Mr. Thurston is clearly in need of a few facts, but perhaps these aren't as easily Googled. So let me supply them for him. Mr. Thurston: no one is remotely as impressed with you as you are with yourself. No one else mistakes your time for a precious commodity. Self-regard does not make you important, nor does a chronic overestimation of your own value actually make you valuable. You are not the cosmos. Most of the people around you are laughing at you, all the time. They are right to laugh, because you have violated a basic social compact. You believe that what you want and value is more important than what others want and value. In fact, no one thinks much about what you want at all. Some of the best advice you can give: remember that the minute you leave a room, no one is thinking about you. Harsh, but necessary.
The anthropologist Margaret Mead once said that in traditional societies, the young learn from the old. But in modern societies, the old can also learn from the young. Here’s hoping that politeness never goes out of fashion, but that time-wasting forms of communication do.
"Learning" is a powerful word, a misunderstood one. I'm sure Mr. Bilton spends much of his time absorbing little facts, churning through the deracinated information that the internet spreads out endlessly, shorn of context or curriculum, just true enough to be mistaken for knowledge. Perhap this is how it has to be. Maybe Bilton is the wave of the future. For myself, I don't think that there's anything to be done; the punishment for people like Mr. Bilton is living the life that they've endeavored to live. I'm sure their manic effort to degrade and destroy any genuinely human connection is proceeding on with great efficiency; I have no doubt they will reach that rarefied territory where there is nothing human at all on the other end of that well-loved smartphone. I picture him writing this piece in a dark apartment, face lit up with the sickly blue glow of his laptop, chattering away in the dark alone about all the people who have failed him.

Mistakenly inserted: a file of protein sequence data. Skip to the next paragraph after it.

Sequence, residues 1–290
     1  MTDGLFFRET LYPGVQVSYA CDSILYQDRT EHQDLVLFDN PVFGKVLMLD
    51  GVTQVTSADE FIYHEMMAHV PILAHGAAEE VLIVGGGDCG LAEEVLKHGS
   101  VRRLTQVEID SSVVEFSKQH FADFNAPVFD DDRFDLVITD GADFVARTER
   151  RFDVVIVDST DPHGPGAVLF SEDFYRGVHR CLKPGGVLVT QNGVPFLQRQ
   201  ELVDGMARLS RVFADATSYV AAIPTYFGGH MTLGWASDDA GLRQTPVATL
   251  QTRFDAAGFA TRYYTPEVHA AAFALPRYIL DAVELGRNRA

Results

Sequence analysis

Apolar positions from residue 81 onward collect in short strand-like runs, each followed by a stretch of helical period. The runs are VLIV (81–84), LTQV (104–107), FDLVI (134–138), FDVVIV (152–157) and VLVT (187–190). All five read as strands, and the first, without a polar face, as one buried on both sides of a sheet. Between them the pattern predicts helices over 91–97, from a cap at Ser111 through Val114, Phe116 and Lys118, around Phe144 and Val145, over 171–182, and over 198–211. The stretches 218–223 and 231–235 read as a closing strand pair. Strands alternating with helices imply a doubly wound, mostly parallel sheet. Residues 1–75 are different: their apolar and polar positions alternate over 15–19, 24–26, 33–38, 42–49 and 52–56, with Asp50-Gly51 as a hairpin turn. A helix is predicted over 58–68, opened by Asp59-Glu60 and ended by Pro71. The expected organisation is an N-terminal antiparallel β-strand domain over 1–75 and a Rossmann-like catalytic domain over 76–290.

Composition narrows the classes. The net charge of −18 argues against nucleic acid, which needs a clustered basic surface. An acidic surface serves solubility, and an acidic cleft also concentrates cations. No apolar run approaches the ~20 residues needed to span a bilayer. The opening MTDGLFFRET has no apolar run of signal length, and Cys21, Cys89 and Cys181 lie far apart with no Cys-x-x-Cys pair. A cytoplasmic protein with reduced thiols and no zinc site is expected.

You might find all of this harsh! I confess that I feel some vestigial guilt about it, some antique notion of kindness and compassion; it's the manners talking. But those are concerns for another era. The world ran out of time for such things.